Ohio Northern University will hold a dedication for a statue that depicts Dr. Martin Luther King Jr.’s talk on campus 50 years ago at 10:30 a.m. on April 17 in the area between Taft Hall and the ONU College of Law building.
The event is free and open to the public.
King spoke in Taft Gymnasium on Jan. 11, 1968. It was one of the last speeches he gave at a college or university. According to ONU archivist Paul Logsdon, King spoke at Kansas State University on Jan. 19, 1968, and at Manchester (Ind.) College on Feb. 1. He was assassinated in Memphis, Tenn., on April 4.
The keynote speaker at the April 17 event will be the Rev. Bernard LaFayette Jr., who worked alongside King and has devoted his life to King’s final instructions to him in 1968 to “institutionalize and internationalize nonviolence.” LaFayette was a co-founder of the Student Nonviolent Coordinating Committee (SNCC) in 1960. He was a leader of the Nashville movement lunch counter sit-ins in 1960 and the freedom rides in 1961, and he directed the Alabama voter registration project in Selma in 1962.
Also speaking will be historian Christopher E. Manning, who will provide national context of the time period when King spoke at ONU. Manning is an associate professor of history and assistant provost on academic diversity at Loyola University Chicago.
In addition, sculptor Tad McKillop, who created the King statue, will be present. McKillop, who is based out of Ann Arbor, Mich., also created the sculpture of Ohio Northern founder Henry Solomon Lehr on the front of campus.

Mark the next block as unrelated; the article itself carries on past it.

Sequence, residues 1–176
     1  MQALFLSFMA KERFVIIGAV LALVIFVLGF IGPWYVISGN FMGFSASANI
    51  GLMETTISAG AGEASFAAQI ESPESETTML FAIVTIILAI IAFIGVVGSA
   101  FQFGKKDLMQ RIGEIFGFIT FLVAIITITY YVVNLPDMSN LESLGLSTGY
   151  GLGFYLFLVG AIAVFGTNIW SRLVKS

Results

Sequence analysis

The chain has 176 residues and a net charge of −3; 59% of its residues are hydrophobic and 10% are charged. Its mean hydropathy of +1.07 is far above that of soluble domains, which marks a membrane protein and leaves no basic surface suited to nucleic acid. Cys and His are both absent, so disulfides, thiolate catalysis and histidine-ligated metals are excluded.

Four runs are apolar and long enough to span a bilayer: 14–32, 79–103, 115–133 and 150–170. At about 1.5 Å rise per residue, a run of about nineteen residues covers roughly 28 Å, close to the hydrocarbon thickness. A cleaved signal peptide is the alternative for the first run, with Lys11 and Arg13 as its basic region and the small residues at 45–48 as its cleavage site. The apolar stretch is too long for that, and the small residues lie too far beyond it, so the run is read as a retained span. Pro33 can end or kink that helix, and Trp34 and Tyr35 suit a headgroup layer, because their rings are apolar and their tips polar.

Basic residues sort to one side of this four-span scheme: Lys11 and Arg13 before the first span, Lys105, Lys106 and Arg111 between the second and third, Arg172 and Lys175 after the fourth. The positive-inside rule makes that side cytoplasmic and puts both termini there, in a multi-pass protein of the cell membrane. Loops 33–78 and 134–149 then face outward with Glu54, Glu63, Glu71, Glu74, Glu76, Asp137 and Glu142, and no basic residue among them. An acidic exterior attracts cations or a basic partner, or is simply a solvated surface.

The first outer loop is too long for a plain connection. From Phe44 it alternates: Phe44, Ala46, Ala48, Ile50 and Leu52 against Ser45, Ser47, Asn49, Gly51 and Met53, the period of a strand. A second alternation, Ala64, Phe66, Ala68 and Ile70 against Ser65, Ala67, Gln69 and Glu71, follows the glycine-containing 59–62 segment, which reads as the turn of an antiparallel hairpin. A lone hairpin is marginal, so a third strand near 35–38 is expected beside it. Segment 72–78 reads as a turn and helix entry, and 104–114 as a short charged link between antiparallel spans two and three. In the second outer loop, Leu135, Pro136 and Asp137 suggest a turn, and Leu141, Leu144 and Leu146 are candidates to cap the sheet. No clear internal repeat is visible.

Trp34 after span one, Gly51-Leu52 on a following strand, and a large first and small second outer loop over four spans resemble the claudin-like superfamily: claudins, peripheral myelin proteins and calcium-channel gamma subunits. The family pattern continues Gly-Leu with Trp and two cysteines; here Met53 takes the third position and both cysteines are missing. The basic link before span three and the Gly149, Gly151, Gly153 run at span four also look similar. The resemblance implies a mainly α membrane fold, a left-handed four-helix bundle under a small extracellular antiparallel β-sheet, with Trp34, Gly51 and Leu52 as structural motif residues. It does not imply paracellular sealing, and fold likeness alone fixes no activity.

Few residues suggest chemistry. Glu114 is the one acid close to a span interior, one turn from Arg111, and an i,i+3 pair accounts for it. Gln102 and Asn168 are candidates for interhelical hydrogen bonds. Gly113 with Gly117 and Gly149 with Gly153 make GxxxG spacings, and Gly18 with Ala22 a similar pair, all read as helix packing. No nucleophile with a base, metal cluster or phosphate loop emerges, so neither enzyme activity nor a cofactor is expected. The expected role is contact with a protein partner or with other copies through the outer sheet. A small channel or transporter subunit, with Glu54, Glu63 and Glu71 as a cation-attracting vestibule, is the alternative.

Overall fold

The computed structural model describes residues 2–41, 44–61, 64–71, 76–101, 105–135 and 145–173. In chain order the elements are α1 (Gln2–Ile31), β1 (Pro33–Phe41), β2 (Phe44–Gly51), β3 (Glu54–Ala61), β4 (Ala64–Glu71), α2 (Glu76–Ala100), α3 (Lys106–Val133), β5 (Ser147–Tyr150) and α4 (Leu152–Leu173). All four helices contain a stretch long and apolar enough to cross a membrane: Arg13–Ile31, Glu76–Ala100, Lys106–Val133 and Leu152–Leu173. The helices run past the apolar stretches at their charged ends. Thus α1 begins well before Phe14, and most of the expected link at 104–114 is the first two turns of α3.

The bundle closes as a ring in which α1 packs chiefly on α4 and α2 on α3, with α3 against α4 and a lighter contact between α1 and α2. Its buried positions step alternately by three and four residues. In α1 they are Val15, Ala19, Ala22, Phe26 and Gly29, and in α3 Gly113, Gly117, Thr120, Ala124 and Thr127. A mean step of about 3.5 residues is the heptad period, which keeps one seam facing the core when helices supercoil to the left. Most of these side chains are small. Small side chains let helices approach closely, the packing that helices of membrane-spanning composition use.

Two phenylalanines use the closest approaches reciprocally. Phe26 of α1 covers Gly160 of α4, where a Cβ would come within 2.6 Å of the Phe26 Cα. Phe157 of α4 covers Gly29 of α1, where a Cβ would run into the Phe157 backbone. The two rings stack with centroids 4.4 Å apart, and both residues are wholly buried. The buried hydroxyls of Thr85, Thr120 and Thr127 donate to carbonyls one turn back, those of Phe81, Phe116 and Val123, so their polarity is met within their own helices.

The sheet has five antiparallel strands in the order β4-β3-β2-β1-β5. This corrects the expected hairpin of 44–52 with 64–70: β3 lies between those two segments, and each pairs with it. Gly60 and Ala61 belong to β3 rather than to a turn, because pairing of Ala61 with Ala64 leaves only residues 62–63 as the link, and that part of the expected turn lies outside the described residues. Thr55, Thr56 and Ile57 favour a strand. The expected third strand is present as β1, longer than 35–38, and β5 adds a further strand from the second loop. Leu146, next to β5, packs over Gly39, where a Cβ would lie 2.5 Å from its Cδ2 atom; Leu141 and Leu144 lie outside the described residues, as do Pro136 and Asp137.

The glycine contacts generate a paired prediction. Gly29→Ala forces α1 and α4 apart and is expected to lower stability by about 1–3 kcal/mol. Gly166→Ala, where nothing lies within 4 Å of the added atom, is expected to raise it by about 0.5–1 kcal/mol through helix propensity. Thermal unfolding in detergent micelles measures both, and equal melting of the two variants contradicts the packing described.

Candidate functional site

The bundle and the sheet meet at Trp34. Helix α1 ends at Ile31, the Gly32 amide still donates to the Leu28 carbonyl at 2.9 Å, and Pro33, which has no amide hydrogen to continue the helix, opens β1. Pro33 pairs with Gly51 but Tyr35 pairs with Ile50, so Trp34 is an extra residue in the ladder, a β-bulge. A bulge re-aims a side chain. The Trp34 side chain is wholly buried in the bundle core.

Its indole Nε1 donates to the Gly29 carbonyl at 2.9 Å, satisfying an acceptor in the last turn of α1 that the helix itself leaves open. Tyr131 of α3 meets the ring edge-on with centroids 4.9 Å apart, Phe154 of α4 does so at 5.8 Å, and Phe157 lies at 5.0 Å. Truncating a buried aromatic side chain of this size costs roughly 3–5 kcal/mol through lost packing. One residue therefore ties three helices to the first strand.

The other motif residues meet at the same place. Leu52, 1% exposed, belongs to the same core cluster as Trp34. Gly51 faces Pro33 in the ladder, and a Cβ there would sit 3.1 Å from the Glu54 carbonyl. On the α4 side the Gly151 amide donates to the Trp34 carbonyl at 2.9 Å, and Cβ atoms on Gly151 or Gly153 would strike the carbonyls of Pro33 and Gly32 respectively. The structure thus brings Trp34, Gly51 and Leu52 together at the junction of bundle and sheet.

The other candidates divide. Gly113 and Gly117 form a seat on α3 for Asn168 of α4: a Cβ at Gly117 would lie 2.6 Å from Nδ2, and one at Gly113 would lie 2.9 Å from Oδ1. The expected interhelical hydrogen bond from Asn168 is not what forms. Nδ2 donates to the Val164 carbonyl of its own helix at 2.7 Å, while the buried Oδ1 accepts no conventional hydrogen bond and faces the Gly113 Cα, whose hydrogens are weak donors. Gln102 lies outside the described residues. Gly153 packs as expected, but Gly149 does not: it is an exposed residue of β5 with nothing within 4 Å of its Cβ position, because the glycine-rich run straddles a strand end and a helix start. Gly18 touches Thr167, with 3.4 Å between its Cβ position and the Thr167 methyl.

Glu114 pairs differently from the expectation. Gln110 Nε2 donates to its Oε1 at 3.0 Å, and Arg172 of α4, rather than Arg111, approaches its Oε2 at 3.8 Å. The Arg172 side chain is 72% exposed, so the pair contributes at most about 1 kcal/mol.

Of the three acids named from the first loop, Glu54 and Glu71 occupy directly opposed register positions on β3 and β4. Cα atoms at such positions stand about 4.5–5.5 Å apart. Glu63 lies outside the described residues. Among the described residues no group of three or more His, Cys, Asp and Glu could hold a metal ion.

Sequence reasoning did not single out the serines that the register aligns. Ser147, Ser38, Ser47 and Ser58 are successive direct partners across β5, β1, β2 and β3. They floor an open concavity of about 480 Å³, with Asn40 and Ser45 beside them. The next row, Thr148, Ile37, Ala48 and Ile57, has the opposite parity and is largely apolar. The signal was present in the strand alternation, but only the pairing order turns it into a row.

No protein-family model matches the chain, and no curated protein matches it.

“Dr. King’s visit was a profound moment in the life of the University, and it is appropriate that we should properly commemorate it,” said ONU President Daniel DiBiasio. “Dr. King exemplified the courage of conviction and the difference one person can make when the cause is right. It is incumbent upon us to carry forward the ideals of inclusiveness, respect for diversity and the acceptance of others that he personified.”
The statue is approximately 6 feet 5 inches tall and weighs more than 700 pounds. McKillop has worked on the piece since July 2017.
“This statue is a statement that the University values this part of our history and that we value Dr. King’s message,” said Adriane Thompson-Bradshaw, vice president of student affairs at ONU. “Fifty years is a significant milestone and, looking back, it is impressive that a person of his stature spoke at ONU, and it shows that we are a part of the national landscape. The placement of the statue also is significant. Not only is it outside of Taft Memorial, where Dr. King spoke, but it is also near Weber Hall, which houses admissions. This makes a statement to campus visitors that we value inclusiveness and what Dr. King stood for.”
The statue depicts King standing behind a podium.
The upcoming ceremony is the last in a series of events to commemorate the historic occasion. A panel discussion, which included students, faculty and staff members who were at the speech, was held in January. There also have been discussions focusing on the past, present and future of King’s mission and the civil rights movement.